Do you ever feel like you’re locked inside yourself? You want to reach out, but the words just aren’t there. Maybe you’re not even sure how you’re feeling. Maybe you’re too tired to bother. Maybe you’ve been hurt in the past and are frightened of being rejected again.
Whatever the reason for it, being ‘locked in’ is a horrible place to be. But imagine if this was a physical as well as a psychological reality. Imagine if you were fully conscious of every detail of your life, but unable to communicate with others, paralysed within your own body. There’s a short story by Roald Dahl about a woman who has spent her life being oppressed by her husband. When he dies, his brain and one of his eyes are keep alive in a basin. His widow gets her revenge by making him watch her doing all the things he hated in his lifetime, whilst pretending to look after him. It looks like an approximation of a living hell.
Whilst Dahl’s story is a fantasy, ‘locked in syndrome’ is all too real. The condition is most commonly caused by a stroke severing the connection between the brain and the body. Those affected by it can think, hear and feel but can’t speak or communicate. It isn’t classed as a disease, and its nature means that it is difficult to identify. Patients may be dismissed as brain-damaged or worse when in fact they are completely sentient.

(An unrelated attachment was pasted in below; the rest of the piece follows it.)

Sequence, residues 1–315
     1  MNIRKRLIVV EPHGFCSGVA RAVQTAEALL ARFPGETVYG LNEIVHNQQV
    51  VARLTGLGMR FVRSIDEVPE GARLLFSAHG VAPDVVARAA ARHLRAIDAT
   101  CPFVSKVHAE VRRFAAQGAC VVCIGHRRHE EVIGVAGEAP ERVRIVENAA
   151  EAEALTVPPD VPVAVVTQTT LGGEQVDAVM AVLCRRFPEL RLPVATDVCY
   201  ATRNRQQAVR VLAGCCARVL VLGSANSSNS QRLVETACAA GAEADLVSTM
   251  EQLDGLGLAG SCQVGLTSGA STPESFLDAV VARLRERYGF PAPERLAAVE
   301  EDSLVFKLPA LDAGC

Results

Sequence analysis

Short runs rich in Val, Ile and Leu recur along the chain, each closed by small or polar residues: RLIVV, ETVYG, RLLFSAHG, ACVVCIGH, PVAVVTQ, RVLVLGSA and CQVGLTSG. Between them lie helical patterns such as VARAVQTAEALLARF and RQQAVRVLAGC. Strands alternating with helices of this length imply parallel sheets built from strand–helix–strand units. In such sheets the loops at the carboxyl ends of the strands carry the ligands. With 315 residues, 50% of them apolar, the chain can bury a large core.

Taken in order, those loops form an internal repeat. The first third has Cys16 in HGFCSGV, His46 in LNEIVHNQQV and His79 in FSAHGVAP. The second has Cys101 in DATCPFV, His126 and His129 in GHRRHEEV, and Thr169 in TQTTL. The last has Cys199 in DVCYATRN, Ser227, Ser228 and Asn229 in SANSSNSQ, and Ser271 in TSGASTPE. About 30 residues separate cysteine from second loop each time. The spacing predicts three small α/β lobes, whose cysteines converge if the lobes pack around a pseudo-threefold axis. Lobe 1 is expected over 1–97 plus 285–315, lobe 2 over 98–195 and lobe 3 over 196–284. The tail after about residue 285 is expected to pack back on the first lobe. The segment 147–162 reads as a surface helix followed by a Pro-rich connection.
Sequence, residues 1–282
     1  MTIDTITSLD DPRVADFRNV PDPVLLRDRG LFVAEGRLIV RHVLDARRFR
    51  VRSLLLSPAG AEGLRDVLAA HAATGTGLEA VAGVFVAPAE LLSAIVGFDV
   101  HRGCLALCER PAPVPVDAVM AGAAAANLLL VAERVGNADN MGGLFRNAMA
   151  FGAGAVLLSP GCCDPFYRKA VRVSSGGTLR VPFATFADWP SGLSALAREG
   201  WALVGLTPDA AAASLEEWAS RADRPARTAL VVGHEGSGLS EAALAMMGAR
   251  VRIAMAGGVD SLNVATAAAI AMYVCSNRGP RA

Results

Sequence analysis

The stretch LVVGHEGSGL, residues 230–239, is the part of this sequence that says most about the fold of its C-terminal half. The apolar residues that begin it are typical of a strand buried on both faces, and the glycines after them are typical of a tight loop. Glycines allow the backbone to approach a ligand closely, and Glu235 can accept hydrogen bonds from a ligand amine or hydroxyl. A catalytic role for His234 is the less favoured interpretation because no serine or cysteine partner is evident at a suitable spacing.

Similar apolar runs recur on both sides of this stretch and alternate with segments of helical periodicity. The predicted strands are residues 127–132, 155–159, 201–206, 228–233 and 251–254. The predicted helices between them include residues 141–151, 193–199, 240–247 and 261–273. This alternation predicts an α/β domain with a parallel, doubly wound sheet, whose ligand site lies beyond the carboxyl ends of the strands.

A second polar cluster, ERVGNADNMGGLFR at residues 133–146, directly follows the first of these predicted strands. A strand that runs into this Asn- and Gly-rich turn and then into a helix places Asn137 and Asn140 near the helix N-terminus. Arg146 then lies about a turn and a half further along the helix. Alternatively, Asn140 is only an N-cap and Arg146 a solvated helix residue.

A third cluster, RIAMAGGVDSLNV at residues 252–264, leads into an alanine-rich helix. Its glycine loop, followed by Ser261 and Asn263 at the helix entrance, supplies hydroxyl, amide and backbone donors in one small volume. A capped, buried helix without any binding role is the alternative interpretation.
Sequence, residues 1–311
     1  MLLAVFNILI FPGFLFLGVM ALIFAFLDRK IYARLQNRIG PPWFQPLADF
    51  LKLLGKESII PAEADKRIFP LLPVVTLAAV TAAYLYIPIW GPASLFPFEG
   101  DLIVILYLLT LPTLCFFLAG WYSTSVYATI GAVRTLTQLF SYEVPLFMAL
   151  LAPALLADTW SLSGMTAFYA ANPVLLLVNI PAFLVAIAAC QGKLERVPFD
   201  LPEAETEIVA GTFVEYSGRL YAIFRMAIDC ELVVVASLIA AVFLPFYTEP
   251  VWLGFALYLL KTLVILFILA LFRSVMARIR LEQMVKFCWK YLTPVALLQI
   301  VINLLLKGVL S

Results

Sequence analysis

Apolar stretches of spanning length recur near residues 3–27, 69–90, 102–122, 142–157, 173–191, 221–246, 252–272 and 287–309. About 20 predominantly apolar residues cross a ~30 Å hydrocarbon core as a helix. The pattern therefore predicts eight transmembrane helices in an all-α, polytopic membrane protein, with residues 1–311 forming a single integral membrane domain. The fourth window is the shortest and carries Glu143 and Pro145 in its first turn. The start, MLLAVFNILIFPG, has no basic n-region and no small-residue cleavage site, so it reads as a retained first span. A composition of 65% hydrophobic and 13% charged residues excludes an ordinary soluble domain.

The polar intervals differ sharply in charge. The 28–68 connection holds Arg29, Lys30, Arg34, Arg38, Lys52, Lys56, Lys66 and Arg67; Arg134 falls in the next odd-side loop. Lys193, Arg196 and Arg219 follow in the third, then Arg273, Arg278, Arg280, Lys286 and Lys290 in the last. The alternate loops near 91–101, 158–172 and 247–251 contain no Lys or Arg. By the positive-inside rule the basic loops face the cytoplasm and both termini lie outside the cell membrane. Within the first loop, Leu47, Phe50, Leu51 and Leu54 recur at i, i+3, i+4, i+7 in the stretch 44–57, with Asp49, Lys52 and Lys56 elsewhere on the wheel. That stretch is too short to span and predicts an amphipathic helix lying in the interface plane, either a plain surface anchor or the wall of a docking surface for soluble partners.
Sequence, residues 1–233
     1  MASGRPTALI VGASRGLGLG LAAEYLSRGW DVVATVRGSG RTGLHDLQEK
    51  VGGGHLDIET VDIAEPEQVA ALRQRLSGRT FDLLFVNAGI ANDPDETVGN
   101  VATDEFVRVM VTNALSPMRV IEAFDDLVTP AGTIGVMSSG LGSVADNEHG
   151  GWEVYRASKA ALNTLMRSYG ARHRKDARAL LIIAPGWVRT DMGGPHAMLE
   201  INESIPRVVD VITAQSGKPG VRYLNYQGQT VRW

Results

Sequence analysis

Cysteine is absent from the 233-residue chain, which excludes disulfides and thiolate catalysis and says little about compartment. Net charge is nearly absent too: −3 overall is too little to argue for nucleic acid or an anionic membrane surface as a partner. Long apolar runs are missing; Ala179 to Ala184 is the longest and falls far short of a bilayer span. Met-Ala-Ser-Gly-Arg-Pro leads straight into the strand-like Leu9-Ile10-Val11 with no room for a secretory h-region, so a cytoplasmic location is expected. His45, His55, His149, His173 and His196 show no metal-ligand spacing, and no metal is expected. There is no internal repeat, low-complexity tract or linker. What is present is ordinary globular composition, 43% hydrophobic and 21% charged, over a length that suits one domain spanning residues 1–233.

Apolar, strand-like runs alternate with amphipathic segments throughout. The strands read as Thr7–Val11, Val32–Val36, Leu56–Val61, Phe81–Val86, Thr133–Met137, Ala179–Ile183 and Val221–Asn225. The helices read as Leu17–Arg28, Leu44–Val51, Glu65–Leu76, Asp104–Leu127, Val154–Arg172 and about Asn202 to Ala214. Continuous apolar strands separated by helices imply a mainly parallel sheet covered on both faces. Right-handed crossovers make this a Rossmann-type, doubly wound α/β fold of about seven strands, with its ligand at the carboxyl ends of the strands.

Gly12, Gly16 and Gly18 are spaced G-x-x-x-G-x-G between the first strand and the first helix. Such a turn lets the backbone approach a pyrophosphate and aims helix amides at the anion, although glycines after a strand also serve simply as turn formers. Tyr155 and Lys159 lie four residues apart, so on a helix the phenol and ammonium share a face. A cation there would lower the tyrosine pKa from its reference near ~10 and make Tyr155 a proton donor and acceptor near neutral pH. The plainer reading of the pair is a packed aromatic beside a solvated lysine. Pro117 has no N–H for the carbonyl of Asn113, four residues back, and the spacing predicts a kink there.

In such a situation, it is tempting to assume that such a patient would prefer to be dead. In some cases this is true. Tony Nicklinson had a stroke in 2005 and is paralysed from the neck down. He communicates by blinking his eye at an alphabet board and has been campaigning for the right to die. But others have taken a different approach.
Consider for example, Jean-Dominique Bauby, former editor of French Elle. Following a stroke he was left paralysed, like Tony, except for one eye. Despite his condition, Bauby wrote a memoir ‘The Diving Bell and the Butterfly’. He composed and edited it entirely in his head, then dictated it word for word by blinking. He also enjoyed playing hangman with his son. Two days after the book’s publication, Bauby died of heart failure. The book was made into a film and nominated for four Academy Awards.
Of his writing, Bauby said this, “There is so much to do. You can wander off in space or in time, set out for Tierra del Fuego or for King Midas’s court. You can visit the woman you love, slide down beside her and stroke her still-sleeping face. You can build castles in Spain, steal the Golden Fleece, discover Atlantis, realize your childhood dreams and adult ambitions.”
Bauby achieved more with the blink of an eye, than most of us do in a lifetime.